CLASSIFICATION BOARD CLEARS FOR PUBLICATION UNCENSORED NUDE PHOTOGRAPH OF 13 YEAR OLD CHILD
The Irish Anti-Trafficking Coalitions is dismayed that the Australian authorities have cleared for publication an uncensored nude photograph of a 13 year old girl. This closely follows the Classification Board’s green light for photographers to take pictures of naked under-age models after backing down on an investigation into a fashion magazine. Australia is closely emulating Japan in its failure to regulate indecent images of children.
The decision by the Classification Board is in violation of Australia’s obligations under the UNCRC, CEDAW and ICCPR. This is the first occasion anywhere in the world that a nude photograph of a female child who was subject to a police investigation relating to a sexually motivated crime has been cleared for publication. This decision is also a fundamental breach of Australia’s reponsibilities as partner nation of the Virtual Global Taskforce.
Irish Anti-Trafficking Coalition
4 Downfine Walk
(UK) 44 (0) 2890 963164
U18 topless photographs are classified as child pornography in the United Kingdom.
The IATC was a consulting partner with the UK govt. in relation to the SOA 2003
Thanks for visiting, Gregory, and for providing the information about the Irish Anti-Trafficking Coalition’s response to the Henson issue.
I am surprised and dismayed at the amount of people who see absolutely no problem with the photos and the exhibition because it’s done in the name of art. I can usually understand other points of view, even when I don’t agree with them, but this one has me scratching my head. I really don’t understand how anyone can defend photographing naked 13 year olds, whatever the stated reason.
Thursday June 5, 2008
Australian Authorities Permit Publication of Nude Photo of 13 Year-Old Girl
By Tim Waggoner
CANBERRA, Australia, June 5, 2008 (LifeSiteNews.com) – Australian officials have cleared for publication an uncensored nude photograph of a 13 year-old girl and have issued it a PG rating. The Australian Classifiers Board found that the “image of breast nudity…creates a viewing impact that is mild and justified by context…and is not sexualised to any degree”.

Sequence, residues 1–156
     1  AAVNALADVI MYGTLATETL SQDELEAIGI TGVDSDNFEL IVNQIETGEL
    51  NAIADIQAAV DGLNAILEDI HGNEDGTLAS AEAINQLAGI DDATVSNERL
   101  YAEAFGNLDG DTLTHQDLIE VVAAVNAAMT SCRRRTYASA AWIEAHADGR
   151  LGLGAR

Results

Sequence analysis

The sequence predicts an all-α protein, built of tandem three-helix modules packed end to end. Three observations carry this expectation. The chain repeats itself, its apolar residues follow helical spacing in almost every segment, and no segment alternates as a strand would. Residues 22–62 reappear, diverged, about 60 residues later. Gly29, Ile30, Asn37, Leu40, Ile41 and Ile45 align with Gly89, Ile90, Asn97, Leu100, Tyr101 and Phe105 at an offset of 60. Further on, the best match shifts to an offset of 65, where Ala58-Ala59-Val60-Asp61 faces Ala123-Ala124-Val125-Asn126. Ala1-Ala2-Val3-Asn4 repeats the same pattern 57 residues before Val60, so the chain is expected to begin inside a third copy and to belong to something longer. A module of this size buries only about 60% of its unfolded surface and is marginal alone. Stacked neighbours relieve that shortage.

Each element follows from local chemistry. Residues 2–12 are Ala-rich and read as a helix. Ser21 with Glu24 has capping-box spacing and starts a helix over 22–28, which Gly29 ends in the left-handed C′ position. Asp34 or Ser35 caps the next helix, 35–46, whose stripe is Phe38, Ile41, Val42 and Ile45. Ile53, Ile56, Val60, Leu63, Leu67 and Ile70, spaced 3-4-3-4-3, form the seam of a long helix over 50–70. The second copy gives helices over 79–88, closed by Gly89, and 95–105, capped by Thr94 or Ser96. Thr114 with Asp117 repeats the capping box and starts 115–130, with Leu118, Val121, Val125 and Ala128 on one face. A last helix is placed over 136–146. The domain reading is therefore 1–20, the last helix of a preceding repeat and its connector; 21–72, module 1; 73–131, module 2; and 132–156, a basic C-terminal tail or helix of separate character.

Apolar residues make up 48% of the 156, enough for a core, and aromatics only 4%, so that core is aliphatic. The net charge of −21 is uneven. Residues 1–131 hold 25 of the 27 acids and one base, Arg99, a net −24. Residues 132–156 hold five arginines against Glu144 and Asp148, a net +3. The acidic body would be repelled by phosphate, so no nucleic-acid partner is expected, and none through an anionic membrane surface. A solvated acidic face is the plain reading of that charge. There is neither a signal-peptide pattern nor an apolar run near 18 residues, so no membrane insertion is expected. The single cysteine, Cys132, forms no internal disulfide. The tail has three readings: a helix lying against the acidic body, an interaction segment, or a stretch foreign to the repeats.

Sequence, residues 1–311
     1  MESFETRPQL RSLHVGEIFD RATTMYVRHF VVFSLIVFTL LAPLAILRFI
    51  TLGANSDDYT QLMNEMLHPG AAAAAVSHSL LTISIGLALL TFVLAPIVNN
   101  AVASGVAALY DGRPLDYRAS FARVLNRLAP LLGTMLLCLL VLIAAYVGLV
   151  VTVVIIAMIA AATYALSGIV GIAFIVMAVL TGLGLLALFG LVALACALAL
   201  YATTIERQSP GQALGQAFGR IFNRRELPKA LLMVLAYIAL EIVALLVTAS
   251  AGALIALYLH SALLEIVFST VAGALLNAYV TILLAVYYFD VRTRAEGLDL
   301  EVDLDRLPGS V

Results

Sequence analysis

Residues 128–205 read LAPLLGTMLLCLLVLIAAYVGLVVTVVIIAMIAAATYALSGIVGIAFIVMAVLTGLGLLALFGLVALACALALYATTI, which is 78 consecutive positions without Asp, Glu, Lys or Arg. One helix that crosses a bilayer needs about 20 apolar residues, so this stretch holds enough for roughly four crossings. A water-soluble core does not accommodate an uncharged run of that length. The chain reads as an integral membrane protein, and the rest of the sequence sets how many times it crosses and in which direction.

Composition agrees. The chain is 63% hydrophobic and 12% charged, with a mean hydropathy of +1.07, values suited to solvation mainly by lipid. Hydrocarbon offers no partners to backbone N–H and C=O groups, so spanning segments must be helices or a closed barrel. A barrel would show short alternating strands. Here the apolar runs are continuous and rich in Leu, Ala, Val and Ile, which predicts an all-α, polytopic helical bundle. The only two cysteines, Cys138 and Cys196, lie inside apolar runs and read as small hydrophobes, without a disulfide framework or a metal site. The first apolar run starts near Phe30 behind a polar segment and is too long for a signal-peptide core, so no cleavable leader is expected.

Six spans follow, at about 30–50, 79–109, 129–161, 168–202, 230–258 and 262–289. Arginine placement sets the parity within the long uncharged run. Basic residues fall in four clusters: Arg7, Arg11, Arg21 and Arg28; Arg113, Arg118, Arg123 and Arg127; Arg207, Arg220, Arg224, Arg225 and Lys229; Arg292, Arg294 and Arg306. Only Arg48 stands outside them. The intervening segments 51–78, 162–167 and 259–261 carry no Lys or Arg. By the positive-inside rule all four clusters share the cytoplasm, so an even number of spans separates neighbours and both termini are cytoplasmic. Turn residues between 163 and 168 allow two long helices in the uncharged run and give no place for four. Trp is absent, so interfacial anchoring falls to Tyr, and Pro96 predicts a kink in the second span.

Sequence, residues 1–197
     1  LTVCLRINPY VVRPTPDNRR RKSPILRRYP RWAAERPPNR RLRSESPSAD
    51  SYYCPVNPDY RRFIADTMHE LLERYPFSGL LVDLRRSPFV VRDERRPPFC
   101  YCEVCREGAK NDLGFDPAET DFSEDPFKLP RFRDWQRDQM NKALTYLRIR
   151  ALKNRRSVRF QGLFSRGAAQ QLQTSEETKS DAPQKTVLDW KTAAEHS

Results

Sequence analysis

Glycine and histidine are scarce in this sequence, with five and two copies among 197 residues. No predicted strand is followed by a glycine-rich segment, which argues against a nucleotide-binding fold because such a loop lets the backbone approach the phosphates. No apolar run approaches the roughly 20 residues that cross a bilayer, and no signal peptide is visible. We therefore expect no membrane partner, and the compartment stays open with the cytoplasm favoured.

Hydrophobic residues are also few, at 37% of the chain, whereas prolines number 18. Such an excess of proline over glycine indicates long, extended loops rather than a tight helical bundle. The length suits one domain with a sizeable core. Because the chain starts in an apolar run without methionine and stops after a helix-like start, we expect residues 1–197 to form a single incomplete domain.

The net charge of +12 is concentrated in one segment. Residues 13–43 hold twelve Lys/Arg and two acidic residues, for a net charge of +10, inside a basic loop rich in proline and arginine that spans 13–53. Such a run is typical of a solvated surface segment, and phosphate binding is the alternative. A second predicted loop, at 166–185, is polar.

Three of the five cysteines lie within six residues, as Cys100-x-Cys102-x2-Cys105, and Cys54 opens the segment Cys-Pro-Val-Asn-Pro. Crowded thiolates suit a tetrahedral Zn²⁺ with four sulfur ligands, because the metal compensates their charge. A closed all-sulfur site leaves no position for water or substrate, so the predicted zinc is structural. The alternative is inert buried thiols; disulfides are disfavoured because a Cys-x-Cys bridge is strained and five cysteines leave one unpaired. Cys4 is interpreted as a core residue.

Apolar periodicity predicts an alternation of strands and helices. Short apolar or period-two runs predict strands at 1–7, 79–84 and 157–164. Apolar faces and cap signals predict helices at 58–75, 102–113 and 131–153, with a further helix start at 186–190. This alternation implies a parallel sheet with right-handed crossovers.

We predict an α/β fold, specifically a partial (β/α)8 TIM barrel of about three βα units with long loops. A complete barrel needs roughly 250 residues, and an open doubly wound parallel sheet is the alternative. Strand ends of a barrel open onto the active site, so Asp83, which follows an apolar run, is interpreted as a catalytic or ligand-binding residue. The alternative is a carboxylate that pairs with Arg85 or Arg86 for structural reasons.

The decision has outraged anti-child-pornography activist Gregory Carlin. “Material which is child pornography in Britain, is now considered child friendly viewing in Australia,” Carlin, a U. K. campaigner against child pornography, told LifeSiteNews.com today.
Numerous controversial photographs featuring nude girls as young as 13, which were taken by photographer Bill Henson, have been under investigation since Australian police confiscated many of the photos from an Australian art gallery on May 23.
After the Australian Communications and Media Authority (ACMA) received a complaint from Carlin regarding the image of the nude 13 year-old girl, they referred the photo to the Classification Board, which deals with official classifications. Upon a brief review, the board stated that “at the time of ACMA’s investigation, the content…was not prohibited as defined by the Broadcasting Services Act 1992 (the Act).”
The act reads, “Under the Act, the following categories of content (other than content that consists of an eligible electronic publication) are prohibited: (a) Content which is classified RC or X 18+ by the Classification Board, including:…child pornography.”
Carlin says that many are left wondering what constitutes child pornography.
The Commonwealth of Australian Law website states under the Guidelines for the Classification of Publications 2005, that, “depictions of nudity involving minors under 18 generally warrant a RC [refused classification] as they deal with matters of sex…in such a way that they offend against the standards of morality, decency and propriety generally accepted by reasonable adults.”
It continues by saying, “the Code states explicitly that publications which describe or depict in a way that is likely to cause offense to a reasonable adult, a person who is, or appears to be, a child under 18 (whether the person is engaged in sexual activity or not) will be classified RC.”